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El Niño leaves with its heat and La Niña arrives, which could begin a cooling period

Some experts say La Niña could provide temporary relief to the current warming trend

Recomendaciones para hacer frente al calor intenso
Recomendaciones para hacer frente al calor intenso | Shutterstock / imagen de referencia

June 13, 2024 11:37pm

Updated: June 14, 2024 10:10am

Scientists have confirmed that the year-long El Niño phenomenon, which caused a significant rise in global temperatures, is ending. With its disappearance, a cooling period is expected to begin due to the opposite phenomenon, La Niña, according to The Washington Post.

The El Niño phenomenon is characterized by the warming of the surface waters of the Pacific Ocean, which alters global climate patterns. Over the past year, temperatures in the eastern and central Pacific have risen up to 2 degrees Celsius above normal, triggering a series of extreme weather events in various parts of the world.

This warming not only impacts the immediate climate, but also has long-term effects on the global ecosystem.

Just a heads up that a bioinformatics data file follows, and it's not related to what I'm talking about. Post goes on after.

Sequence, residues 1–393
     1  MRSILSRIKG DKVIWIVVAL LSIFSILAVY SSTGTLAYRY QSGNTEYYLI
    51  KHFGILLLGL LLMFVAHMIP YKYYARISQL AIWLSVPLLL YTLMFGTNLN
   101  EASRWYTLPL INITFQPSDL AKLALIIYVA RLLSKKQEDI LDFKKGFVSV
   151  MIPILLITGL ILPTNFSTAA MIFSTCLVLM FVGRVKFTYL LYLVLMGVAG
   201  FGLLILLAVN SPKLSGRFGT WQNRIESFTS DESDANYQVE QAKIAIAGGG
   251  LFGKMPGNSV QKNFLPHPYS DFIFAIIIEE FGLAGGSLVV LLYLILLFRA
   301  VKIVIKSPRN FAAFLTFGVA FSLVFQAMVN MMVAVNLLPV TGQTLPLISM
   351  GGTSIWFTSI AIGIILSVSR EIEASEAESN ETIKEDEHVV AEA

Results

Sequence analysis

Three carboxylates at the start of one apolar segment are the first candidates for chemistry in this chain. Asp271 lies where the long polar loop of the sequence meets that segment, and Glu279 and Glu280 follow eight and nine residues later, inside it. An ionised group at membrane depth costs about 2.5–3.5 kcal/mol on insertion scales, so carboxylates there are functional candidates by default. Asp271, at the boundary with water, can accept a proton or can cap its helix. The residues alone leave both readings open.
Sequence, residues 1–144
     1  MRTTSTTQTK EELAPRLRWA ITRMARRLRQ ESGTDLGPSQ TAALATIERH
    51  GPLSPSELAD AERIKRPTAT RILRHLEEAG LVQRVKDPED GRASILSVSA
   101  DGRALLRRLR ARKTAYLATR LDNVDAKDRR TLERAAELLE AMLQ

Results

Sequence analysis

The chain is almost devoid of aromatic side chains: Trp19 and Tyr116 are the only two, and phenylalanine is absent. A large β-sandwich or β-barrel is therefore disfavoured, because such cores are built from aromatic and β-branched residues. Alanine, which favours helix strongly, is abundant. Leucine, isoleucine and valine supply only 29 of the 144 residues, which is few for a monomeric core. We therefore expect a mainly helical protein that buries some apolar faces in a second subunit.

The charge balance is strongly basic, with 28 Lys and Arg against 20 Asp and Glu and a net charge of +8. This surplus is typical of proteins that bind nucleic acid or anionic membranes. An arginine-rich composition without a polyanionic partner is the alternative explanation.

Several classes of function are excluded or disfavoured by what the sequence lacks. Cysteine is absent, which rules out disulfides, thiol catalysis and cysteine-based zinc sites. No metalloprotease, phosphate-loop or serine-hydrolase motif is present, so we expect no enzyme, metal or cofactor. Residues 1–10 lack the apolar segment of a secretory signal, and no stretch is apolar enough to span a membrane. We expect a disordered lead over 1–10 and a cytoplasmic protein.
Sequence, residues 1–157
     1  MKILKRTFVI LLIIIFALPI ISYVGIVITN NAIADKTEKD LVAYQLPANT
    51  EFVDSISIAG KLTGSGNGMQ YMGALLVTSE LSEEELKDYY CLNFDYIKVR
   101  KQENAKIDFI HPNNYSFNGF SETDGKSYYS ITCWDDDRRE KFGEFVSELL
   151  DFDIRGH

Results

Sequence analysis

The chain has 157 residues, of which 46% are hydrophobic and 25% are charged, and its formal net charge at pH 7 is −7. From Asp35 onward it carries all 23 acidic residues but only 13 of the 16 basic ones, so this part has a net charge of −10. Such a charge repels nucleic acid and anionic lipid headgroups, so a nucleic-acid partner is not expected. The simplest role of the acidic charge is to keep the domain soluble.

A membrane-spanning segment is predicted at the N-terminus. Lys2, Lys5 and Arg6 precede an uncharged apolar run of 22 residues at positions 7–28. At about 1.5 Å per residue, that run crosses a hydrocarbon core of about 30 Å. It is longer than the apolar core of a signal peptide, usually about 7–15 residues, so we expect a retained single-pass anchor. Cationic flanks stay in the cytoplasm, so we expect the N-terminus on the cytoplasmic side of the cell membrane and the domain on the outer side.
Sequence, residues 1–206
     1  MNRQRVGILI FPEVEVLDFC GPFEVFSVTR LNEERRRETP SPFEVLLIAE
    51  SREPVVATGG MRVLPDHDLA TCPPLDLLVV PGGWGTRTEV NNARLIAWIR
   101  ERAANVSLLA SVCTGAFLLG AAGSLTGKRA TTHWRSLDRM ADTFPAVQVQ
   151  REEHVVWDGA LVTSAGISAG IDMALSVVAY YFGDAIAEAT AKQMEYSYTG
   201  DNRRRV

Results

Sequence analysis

Last year El Niño caused extreme heat waves, droughts and floods in several regions. These events demonstrate the significant influence El Niño can have across the globe.

With the disappearance of El Niño, scientists predict the arrival of La Niña, a phenomenon that cools the waters of the Pacific and often has opposite effects on the global climate.

According to NOAA's Climate Prediction Center, there is a two-thirds chance that La Niña will develop between July and September. This change could bring wetter conditions to Southeast Asia and Indonesia, and drought to the southern United States.

One of the most significant effects of La Niña is the intensification of the Atlantic hurricane season. La Niña reduces wind shear, making it easier for tropical storms to form and strengthen.

NOAA meteorologists (National Oceanic Atmospheric Association) have already warned that this year's hurricane season could be one of the most active on record due to the influence of La Niña.

“NOAA’s outlook for the 2024 Atlantic hurricane season, which spans from June 1 to November 30, predicts an 85% chance of an above-normal season, a 10% chance of a near-normal season and a 5% chance of a below-normal season,” a May 23 report says.

“NOAA is forecasting a range of 17 to 25 total named storms (winds of 39 mph or higher). Of those, 8 to 13 are forecast to become hurricanes (winds of 74 mph or higher), including 4 to 7 major hurricanes (category 3, 4 or 5; with winds of 111 mph or higher). Forecasters have a 70% confidence in these ranges.”

La Niña could provide a temporary respite from the global warming trend, but global temperatures could continue to break records, suggesting there are factors at play that scientists do not yet fully understand.

Experts believe that the end of El Niño and the possible arrival of La Niña represent a natural cycle of climate change.